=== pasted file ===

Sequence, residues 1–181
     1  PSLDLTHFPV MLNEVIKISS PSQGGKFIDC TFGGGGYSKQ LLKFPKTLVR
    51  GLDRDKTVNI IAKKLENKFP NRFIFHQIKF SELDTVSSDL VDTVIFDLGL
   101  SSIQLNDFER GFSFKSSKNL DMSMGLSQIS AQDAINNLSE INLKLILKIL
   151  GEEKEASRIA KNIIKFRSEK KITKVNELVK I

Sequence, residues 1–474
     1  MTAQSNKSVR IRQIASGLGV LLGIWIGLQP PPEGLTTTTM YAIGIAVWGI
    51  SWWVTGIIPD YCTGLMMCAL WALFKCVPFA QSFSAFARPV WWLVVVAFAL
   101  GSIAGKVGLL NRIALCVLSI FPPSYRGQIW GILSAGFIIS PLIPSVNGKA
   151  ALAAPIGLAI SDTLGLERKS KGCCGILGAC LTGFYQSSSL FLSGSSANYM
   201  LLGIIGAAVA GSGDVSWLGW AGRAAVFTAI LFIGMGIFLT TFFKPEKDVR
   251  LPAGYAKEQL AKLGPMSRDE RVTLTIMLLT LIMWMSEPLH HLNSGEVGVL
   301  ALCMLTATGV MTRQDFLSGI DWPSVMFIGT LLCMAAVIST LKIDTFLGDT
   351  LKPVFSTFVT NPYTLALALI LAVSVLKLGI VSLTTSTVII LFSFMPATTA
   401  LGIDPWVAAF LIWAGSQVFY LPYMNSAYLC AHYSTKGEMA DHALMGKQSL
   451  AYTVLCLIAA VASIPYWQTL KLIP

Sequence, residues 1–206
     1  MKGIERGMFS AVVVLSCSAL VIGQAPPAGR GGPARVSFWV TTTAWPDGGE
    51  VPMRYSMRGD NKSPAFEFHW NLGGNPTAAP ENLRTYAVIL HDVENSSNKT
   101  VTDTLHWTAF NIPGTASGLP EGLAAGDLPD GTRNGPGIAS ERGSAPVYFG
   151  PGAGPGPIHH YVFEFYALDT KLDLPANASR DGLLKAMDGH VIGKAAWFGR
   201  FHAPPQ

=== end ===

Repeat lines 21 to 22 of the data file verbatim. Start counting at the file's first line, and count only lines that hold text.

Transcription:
   151  PGAGPGPIHH YVFEFYALDT KLDLPANASR DGLLKAMDGH VIGKAAWFGR
   201  FHAPPQ